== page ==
I’m all for being efficient. Efficiency saves production labor, production costs, makes for quicker workdays, and so on and so on. This is true for any industry that has a labor factor. The very definition of efficiency by the dictionary and related sources is to describe and prescribe the extent to which time, effort or cost is well used for the intended task or purpose. (Wikepedia, 2012) Trying to produce a specific outcome relative to the boundaries set within the parameters of your particular business, in this case our plants, is the ultimate goal. Of course, you might imagine this is true of any industry. The ultimate purpose is to make more money. That can also be the downfall of a good business-knowing when to find the right boundaries of your business paradigm without losing quality.
The very term “efficient,” is as confusing as a goat on Astroturf! Efficiency is a measured concept. Your business goal sets the boundaries that keep you in the correct operating principles. Always keeping in mind not to lose your product quality in the process. I wish it were so in businesses today with all the cutbacks. Darned if what I say isn’t so. When you go anywhere and purchase anything – the price has gone up, but the quality, and quantity, have diminished. It never fails. Greedy corporate types and self serving stock holders will drive quality in the ground just so they can assure themselves continuing profits without a hit. It disgusts me to no end.
“Exceeding Your Customers’ Expectations, Is The Hallmark Of Your Business”
A simple way of distinguishing between efficiency and effectiveness is the saying, “Efficiency is doing things right, while effectiveness is doing the right things.” This is based on the premise that selections of objectives of a process are just as important as the quality of that process. For instance, if you can leave quality and productivity in your business model, then increased revenue, increased volume and increased profits will follow. Exceeding your customers’ expectations is the hallmark of your business. Only you can make that happen by watching over your quality and packaging.
An example of lowering the quality in our industry might mean the difference between a decent strong hanger as opposed to a weak lightweight one that will bend with the slightest movement. Your customer will notice this! Another horror to your quality might be dropping the amount of drycleaning or laundry detergent you add. While we all know that too much detergent is about as bad as not enough, it begs one to wonder why anyone would reduce the proper amount of detergents and additives in laundry or drycleaning. Your customer will notice this!
It amuses me to watch some operators having the employees make a mad dash to finish as early as possible and slam everything out just to meet an operational deadline. Haste makes waste. Efficiency is measuring how well one can manage operating with an eye on productivity without running a marathon in the production area. The resulting garments will suffer in quality. Your customer will notice this!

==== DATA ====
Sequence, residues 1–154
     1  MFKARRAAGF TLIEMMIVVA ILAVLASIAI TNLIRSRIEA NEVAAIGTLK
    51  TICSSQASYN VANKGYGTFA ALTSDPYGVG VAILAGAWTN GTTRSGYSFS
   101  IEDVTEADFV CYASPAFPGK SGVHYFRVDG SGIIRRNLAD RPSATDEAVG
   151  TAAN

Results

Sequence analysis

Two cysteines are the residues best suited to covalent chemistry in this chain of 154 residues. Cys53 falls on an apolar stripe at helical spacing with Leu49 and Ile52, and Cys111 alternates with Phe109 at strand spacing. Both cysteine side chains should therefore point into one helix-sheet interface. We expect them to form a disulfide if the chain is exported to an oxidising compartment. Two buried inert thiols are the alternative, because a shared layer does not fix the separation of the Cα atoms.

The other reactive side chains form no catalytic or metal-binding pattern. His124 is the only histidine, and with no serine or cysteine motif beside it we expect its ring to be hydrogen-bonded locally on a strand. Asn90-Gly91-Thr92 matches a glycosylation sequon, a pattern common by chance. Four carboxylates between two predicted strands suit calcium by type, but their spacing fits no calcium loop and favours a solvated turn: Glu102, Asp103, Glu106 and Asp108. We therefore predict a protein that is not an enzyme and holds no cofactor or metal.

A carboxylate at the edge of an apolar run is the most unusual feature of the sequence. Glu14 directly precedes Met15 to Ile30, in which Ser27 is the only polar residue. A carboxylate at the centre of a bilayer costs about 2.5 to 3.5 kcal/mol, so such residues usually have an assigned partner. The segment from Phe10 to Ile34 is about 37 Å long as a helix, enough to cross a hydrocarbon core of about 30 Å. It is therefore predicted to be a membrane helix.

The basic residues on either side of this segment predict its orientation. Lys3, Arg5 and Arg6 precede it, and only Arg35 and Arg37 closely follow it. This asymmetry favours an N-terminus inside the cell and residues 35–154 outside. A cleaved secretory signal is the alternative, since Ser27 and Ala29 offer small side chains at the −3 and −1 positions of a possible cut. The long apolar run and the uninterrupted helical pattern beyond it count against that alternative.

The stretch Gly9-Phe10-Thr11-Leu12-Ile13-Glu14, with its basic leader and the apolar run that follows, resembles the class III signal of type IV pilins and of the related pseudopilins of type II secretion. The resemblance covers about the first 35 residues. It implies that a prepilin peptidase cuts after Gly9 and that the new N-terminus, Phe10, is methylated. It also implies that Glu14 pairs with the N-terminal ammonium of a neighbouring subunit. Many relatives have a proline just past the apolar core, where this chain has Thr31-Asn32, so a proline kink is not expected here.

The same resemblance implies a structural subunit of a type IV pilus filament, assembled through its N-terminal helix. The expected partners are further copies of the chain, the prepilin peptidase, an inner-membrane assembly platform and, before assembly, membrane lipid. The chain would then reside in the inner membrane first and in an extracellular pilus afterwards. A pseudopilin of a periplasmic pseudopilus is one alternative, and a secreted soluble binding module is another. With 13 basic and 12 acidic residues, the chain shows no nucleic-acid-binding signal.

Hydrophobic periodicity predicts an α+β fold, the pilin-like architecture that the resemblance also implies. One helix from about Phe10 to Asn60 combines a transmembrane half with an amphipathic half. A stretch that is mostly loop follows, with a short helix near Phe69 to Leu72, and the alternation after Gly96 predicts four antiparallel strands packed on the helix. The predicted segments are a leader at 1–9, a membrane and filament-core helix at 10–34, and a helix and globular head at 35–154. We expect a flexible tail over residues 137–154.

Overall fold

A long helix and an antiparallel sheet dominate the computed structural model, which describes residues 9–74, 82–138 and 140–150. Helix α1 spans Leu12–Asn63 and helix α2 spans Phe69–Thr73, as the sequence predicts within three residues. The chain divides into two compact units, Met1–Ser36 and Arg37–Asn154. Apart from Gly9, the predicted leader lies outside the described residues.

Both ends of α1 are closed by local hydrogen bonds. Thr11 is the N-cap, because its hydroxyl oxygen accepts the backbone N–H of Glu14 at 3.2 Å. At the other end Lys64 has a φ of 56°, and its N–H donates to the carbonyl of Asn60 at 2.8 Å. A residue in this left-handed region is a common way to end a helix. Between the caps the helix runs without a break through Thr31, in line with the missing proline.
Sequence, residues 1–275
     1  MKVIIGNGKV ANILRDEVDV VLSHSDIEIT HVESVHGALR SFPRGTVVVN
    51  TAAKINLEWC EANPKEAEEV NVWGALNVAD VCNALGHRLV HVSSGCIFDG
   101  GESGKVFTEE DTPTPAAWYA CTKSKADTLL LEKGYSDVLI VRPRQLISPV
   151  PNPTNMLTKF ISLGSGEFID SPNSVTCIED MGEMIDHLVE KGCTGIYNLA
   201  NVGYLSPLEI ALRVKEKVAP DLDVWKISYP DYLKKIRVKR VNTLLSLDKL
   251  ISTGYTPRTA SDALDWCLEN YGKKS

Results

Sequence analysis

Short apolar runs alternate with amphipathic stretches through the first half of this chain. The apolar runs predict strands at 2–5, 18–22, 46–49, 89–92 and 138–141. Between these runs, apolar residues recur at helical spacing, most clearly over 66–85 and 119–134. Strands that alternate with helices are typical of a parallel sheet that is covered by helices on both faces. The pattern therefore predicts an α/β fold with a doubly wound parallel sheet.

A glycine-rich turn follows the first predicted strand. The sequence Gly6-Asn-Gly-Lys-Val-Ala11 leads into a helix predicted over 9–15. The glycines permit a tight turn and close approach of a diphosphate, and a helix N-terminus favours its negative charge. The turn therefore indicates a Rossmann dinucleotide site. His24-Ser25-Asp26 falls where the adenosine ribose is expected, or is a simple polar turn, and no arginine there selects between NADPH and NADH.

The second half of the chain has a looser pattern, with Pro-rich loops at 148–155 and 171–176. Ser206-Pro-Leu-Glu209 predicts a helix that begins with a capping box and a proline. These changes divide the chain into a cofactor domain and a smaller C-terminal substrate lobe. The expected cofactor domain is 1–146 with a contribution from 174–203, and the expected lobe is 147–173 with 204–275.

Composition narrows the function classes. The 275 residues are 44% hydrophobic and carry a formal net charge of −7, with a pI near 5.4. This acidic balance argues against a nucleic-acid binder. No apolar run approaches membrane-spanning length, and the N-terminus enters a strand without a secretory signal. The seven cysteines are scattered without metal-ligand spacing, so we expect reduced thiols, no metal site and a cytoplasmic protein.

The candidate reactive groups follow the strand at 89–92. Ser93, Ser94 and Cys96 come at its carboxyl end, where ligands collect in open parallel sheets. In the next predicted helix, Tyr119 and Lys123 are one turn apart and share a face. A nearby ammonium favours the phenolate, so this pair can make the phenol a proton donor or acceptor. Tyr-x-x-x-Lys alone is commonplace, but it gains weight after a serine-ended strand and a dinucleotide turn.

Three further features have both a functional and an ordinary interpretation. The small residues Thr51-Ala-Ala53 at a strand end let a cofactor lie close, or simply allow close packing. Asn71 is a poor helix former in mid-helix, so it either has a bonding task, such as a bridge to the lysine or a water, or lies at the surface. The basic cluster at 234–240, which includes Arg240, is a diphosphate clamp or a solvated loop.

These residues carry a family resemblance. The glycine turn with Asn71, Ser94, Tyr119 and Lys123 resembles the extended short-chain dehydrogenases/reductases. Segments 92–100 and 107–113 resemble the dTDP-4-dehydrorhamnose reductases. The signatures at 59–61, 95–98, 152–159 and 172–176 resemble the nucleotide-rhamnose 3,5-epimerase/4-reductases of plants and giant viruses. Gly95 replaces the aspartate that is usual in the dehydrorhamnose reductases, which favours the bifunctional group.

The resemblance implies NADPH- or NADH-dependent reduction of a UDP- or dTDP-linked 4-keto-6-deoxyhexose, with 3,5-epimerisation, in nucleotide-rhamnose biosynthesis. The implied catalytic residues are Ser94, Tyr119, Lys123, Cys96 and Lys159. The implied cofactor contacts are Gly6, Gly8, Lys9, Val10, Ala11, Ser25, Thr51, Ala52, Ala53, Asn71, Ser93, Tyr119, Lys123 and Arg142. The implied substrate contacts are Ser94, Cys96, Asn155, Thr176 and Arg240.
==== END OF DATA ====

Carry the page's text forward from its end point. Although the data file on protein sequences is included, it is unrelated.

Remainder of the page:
Working within the safe industry standards and boundaries of the Drycleaning & Laundry Institute standards will pilot your production efforts to a quality product. Hiring on an efficiency expert that cannot even spell quality is no efficiency expert. This business has more “experts” than Carter has liver pills! Operating a plant for 35 years does not make one an expert. Ho hum, attitudes and working to please the boss so he may save more money is not putting out a quality product. Your customer will notice this!
Productive labor below 30% will result in “so-so” work. Is that how you want to be known? As a marginal business representation of your quality? I would think not. Productive labor is known in these working job description positions:
• Markers and taggers
• Prespotting after cleaning
• Post spotting
• Drycleaning operator
• Laundry operator
My friend in Canada, Sheldon Fishman, recently wrote about Efficiency and Profits. I agree with most points, particularly concerning machine replacements, which can greatly affect your productive percentages. Any way you slice it, once beyond the variables you can change, just remember to perform all production tasks wisely and keep a sharp eye on your final product. Don’t let your product quality slip in an effort to save money. Cutting corners may spell doom. Your customers will eventually notice the difference!
I’m headin’ to the wagon now, these boots are killin’ me!
I wish everyone a great, happy and prosperous New Year! Get ready for 2013!